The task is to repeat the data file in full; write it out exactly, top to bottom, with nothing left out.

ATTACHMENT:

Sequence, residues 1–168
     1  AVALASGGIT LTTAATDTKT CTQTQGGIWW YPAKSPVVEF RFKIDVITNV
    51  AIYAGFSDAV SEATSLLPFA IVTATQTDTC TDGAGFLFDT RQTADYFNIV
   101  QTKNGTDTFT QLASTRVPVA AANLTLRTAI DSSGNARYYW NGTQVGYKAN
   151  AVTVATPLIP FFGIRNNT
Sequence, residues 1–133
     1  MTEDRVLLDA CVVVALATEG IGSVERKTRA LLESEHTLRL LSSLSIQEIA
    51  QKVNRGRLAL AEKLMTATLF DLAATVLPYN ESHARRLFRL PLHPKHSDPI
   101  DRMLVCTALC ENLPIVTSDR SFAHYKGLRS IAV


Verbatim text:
Sequence, residues 1–168
     1  AVALASGGIT LTTAATDTKT CTQTQGGIWW YPAKSPVVEF RFKIDVITNV
    51  AIYAGFSDAV SEATSLLPFA IVTATQTDTC TDGAGFLFDT RQTADYFNIV
   101  QTKNGTDTFT QLASTRVPVA AANLTLRTAI DSSGNARYYW NGTQVGYKAN
   151  AVTVATPLIP FFGIRNNT
Sequence, residues 1–133
     1  MTEDRVLLDA CVVVALATEG IGSVERKTRA LLESEHTLRL LSSLSIQEIA
    51  QKVNRGRLAL AEKLMTATLF DLAATVLPYN ESHARRLFRL PLHPKHSDPI
   101  DRMLVCTALC ENLPIVTSDR SFAHYKGLRS IAV